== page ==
EghtesadOnline: As Qatar's rift with a Saudi-led Arab coalition deepens and brings the gas-rich emirate closer to Iran, the head of Iran Export Confederation said any development of ties between Tehran and Doha would hinge upon banking cooperation.
"Qatar's banking hurdles for Iranian banks still persist and if the country wishes to work with Iran in light of recent developments, it must restore banking ties with Tehran to their former status [before the sanctions] because the nuclear accord has been implemented and Iranian lenders are no longer under sanctions," Mohammad Lahouti told IBENA.
The regional crisis erupted after a coalition consisting of the UAE, Egypt and Bahrain led by Saudi Arabia cut diplomatic ties as well as all land, marine and air connections with Qatar as of last Monday.
According to Lahouti, the reality of the situation is that following the implementation of the Joint Comprehensive Plan of Action in January 2016, "Qatar has made no new openings in its banking ties with Iran" which is partially because countries in the Persian Gulf region are less than eager to restore their economic ties with Iran to pre-sanctions levels, Financial Tribune reported.
Referring to policies employed by a number of member states of the (Persian) Gulf Cooperation Council, the official said this lack of will stems from political matters and has hindered Iran-Qatar banking ties after the JCPOA and is the reason why Iran has almost zero correspondent banking ties with the Arab state.
Lahouti noted that at present only Bank Saderat Iran is active in Qatar, but Qatari banks do not engage in business and transactions with it.
As to why the banks are unwilling to establish ties with their Iranian counterparts, the head of Iran Export Confederation said there are many reasons, namely Iran's status with the Financial Action Task Force and "the regional policies of Persian Gulf countries".
Last June, the intergovernmental FATF, an internationally recognized entity mandated with devising regulations on fighting money laundering and combating financing of terrorism, suspended active countermeasures against Iran but made the country's removal from its blacklist contingent on its measures next year.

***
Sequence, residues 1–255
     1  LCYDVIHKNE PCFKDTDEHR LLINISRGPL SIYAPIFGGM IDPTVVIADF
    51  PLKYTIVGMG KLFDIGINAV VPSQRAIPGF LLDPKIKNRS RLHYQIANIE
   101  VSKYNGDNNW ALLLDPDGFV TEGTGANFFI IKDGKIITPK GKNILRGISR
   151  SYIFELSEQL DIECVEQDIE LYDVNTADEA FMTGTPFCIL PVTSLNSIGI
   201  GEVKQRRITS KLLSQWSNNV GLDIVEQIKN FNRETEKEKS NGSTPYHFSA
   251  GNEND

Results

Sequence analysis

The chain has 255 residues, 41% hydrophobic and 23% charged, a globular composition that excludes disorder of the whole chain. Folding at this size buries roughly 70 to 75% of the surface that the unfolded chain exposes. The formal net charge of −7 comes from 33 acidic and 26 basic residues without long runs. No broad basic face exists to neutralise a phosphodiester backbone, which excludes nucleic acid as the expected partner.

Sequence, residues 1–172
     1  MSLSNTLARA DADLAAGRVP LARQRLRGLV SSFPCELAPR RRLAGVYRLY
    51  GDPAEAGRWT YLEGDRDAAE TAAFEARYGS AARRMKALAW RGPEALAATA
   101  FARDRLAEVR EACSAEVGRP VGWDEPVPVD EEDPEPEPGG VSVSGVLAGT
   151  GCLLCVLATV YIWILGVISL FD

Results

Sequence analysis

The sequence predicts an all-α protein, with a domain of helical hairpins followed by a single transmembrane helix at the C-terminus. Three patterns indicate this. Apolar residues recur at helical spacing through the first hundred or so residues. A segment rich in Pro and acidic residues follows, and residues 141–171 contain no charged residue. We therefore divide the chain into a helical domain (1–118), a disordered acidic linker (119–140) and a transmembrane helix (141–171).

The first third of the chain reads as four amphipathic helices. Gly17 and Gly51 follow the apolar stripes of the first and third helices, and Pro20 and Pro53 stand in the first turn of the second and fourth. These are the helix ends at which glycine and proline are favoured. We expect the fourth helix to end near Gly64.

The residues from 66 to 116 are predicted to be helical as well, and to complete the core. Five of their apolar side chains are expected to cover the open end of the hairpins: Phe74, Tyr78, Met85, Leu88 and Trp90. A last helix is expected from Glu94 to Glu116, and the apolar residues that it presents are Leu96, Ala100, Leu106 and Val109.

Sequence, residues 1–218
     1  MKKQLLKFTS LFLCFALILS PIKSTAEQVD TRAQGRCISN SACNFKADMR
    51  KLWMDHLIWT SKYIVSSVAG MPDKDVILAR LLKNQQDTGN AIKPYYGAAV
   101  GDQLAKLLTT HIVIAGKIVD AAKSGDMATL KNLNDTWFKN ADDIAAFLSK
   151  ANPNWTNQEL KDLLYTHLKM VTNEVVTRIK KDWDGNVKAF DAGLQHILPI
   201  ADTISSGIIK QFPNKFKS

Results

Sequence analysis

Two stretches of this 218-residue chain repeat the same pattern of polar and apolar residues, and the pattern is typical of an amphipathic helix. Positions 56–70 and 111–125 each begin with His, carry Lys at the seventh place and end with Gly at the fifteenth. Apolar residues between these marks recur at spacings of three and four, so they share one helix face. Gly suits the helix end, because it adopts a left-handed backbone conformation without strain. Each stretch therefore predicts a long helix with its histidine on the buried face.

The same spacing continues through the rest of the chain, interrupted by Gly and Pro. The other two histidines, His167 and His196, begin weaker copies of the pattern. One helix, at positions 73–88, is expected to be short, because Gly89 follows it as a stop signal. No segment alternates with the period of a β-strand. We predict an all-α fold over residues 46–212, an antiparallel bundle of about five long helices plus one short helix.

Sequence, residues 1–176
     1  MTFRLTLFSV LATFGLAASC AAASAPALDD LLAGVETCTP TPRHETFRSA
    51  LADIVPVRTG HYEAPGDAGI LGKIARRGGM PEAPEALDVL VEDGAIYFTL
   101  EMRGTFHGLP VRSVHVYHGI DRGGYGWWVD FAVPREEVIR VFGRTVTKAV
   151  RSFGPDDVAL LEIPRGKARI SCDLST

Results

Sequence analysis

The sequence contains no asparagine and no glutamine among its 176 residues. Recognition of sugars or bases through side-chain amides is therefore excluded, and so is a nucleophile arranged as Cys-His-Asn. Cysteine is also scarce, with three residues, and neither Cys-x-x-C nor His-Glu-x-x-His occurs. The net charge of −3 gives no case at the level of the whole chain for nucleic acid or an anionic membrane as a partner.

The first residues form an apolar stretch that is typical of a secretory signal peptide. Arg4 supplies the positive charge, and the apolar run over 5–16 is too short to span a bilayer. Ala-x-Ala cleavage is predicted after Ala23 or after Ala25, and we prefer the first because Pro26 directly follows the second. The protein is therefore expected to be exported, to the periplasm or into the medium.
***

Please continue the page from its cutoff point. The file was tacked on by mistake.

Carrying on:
As its next heavily consequential sessions of June 18-21 for Iran draws closer, the FATF decision may make or break future prospects.
However, the official says the way international banks regard their Iranian counterparts from the perspective of costs and gains is the deciding factor in their ties, or lack thereof.
Lahouti elaborated that Doha's trade interaction with Tehran is low, which pales in comparison to its extensive trade with the US and European countries. Therefore, instead of risking potential fines from the US government, which have in the past been slapped on a number of known international banks, namely BNP Parbias, ING and Commerzbank AG, "Qatar prefers to maintain its markets and not put its banks in jeopardy".
According to the official, Tehran-Doha trade amounts to $180 million at its best, about $30 million of which form the share of Qatari exports to Iran.
"As a result of this inconsiderable amount of trade, the administrations of both countries have not pursued establishment of banking ties and did not pay any attention to it," he added.
After the blockade, Iran has sent four shipments of food to Qatar using Iran Air Boeing 747s from airports in Tehran and Shiraz and has allowed the country's flights to go through Iranian airspace.
As Lahouti notes, normalization of banking ties and facilitation of visa issuance for Iranian traders by Qatar is a "necessity" for broader trade ties with Tehran.
If banking ties are established, he said, finance, opening lines of credit and employing them will prove helpful and "considering widespread construction activities in Qatar, the two countries can have good cooperation in technical and engineering services".
Asked whether any problems loom over insuring exports to Qatar, the official, who is also a member of the Iran Chamber of Commerce, Industries, Mines and Agriculture, said that as trade volume has been so low, not much attention has been paid to goods insurance.
However, Lahouti concluded, "the issue of insurance will be solved automatically when banking problems are removed".